About Nicholas C. Zakas

Recent Posts

Answering Baranovskiy’s JavaScript quiz

Last week, I tweeted about a JavaScript quiz I came across on Dmitry Baranovskiy’s blog entitled, So you think you know JavaScript? As with other quizzes of this type, there is only one question to answer for five different pieces of example code: what is the result? The example code tests some of the quirkier... […]

Internet Explorer 8 document and browser modes

When Microsoft began planning for Internet Explorer 8, they were struck with an interesting problem. They were willing to admit that Internet Explorer had implementation bugs both in rendering and scripting. After admitting that, though, they had the problem that is commonly referred to as “don’t break the Internet.” Microsoft had no way of knowing... […]

History of the user-agent string

A couple of weeks ago, I talked about feature detection and browser detection. That post featured a little bit about user-agent sniffing and the comments continued the trend. I maintain that user-agent sniffing is an important technique to keep in your back pocket for those rare occasions when it’s needed. Before being able to do... […]

Interviewing the front-end engineer

Interviewing a front-end engineer is an interesting task primarily because most are self-taught. Startups and large companies alike have equal trouble finding quality front-end engineers simply because they don’t know what to look for and which questions to ask. Having been around the industry for a while, I’ve developed my own methods for interviewing front-end... […]

Feature detection is not browser detection

Browser detection has been a hot-button topic in web development for a long time. This battle pre-dates JavaScript browser detection by a couple of years and begins with the introduction of Netscape Navigator, the first truly popular and widely-used web browser. Netscape Navigator 2.0 was so far beyond any of the other available web browsers... […]

Protect IE from empty img src

In a previous post, I discussed the problem with setting an HTML image’s src attribute to an empty string. In Internet Explorer, Safari, and Chrome, this results in a second request being made to the server (Firefox 3.5 patched this behavior and Opera doesn’t exhibit the behavior). My post also showed a couple of ways... […]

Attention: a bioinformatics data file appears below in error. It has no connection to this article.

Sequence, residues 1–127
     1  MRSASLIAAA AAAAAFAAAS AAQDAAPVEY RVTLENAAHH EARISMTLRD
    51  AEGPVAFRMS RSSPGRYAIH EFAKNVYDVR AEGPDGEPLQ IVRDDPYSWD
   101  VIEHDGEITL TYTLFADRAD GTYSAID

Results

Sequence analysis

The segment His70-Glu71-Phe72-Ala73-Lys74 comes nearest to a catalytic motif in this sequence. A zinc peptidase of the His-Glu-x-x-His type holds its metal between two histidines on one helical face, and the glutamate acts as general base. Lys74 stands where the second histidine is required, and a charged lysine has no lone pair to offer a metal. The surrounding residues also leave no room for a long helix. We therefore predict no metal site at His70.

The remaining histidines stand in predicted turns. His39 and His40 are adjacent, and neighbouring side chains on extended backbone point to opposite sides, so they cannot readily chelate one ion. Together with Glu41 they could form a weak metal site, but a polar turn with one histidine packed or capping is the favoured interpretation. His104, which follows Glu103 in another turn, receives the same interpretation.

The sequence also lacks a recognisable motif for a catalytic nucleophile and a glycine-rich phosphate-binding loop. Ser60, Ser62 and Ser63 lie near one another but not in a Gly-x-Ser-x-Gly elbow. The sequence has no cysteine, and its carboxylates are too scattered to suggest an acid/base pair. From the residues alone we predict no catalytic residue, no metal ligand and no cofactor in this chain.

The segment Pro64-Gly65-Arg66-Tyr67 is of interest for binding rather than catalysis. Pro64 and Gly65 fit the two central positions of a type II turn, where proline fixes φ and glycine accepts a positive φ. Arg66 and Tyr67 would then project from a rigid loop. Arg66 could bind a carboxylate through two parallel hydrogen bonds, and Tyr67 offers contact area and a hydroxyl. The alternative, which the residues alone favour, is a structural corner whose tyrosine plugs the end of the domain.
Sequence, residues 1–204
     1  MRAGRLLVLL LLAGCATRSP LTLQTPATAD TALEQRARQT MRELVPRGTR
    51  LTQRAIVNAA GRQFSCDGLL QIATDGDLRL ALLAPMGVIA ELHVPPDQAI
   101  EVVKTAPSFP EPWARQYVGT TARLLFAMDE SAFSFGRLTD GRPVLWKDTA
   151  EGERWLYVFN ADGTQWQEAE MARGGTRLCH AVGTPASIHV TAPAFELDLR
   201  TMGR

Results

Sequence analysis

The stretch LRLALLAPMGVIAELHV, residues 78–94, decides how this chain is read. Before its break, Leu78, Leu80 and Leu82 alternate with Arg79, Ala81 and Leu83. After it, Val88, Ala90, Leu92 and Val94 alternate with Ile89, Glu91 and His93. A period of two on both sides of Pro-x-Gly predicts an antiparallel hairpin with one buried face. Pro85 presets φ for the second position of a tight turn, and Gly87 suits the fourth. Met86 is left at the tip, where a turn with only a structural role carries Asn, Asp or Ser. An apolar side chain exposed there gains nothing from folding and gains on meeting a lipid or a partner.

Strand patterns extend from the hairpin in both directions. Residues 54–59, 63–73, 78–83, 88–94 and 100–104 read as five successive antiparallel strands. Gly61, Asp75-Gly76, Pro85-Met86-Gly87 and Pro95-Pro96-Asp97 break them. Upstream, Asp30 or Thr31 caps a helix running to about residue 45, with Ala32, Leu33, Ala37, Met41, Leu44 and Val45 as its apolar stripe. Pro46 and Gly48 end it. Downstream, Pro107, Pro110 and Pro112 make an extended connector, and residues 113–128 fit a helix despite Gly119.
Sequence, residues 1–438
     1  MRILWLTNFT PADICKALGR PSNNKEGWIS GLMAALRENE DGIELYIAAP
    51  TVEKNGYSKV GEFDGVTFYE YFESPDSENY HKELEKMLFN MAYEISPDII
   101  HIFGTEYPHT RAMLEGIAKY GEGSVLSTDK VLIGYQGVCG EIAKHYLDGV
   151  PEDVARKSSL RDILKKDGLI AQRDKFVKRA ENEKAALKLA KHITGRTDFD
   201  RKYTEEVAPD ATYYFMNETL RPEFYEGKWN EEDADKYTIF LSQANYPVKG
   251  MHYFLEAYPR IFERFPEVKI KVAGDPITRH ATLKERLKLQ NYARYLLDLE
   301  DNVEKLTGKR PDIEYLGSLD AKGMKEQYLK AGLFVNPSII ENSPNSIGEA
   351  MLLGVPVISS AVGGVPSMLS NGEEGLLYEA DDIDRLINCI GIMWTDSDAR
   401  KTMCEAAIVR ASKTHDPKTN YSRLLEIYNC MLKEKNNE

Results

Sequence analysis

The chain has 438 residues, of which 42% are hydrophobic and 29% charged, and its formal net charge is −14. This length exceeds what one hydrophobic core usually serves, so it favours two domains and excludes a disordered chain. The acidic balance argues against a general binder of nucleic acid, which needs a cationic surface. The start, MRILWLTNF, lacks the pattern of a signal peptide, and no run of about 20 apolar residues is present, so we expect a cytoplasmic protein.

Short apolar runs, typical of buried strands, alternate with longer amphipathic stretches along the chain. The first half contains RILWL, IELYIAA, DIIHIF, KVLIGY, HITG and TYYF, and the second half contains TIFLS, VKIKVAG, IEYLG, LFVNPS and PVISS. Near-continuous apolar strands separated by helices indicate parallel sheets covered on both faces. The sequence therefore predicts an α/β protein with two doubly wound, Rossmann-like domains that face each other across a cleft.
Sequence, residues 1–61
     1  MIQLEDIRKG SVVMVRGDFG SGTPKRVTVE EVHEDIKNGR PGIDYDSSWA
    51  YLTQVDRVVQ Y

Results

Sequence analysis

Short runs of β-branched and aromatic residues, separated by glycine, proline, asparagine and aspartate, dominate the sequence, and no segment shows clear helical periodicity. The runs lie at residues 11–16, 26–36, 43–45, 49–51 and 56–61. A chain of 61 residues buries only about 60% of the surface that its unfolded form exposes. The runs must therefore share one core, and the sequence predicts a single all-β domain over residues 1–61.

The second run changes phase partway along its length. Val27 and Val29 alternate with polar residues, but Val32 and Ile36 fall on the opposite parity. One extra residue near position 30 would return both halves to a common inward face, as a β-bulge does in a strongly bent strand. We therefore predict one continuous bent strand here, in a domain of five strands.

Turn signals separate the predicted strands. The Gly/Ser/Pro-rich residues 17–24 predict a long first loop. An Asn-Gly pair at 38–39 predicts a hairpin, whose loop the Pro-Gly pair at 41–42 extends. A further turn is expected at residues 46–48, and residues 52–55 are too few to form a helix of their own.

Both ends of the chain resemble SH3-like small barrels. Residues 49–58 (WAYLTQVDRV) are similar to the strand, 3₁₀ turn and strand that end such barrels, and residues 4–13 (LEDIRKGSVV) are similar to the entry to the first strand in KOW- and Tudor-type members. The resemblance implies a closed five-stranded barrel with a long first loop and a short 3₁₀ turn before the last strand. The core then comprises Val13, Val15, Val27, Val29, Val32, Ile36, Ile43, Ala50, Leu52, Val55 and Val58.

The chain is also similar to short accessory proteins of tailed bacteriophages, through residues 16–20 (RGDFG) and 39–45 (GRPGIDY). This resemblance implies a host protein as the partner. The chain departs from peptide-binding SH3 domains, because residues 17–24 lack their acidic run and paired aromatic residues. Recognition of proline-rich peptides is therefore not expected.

Writing maintainable code

Three years ago, I gave my first talk at Yahoo! entitled, Maintainable JavaScript (slides). The point of the talk was to encourage people to use more rigor in their JavaScript coding. A lot of people who write JavaScript for a living began as hobbyists and hackers, including myself. All of the best front end engineers... […]

Computer science in JavaScript: Base64 encoding

Not too long ago, I wrote about data URIs and released a couple of tools to help generate them. A key part of the data URI equation is base64 encoding. Base64 encoding is described in RFC 3548, along with base16 and base 32 encodings, all of which are ways to represent single-byte data with a... […]

Empty image src can destroy your site

This is a problem I’ve come across frequently, and since it has come up again recently, I thought I’d explore this issue in the hope that it will save others some trouble. There are so many problems that this one issue can lead to that it’s baffling browsers still behave this way. The issue? An... […]

What makes a good browser API?

Last month, I attended another discussion at Mozilla, this one about the future of web databases. Though the content of the discussion was interesting, I found a rather general debate much more so. There ended up being two schools of thought related to native browser APIs for JavaScript. One camp firmly believes that native JavaScript... […]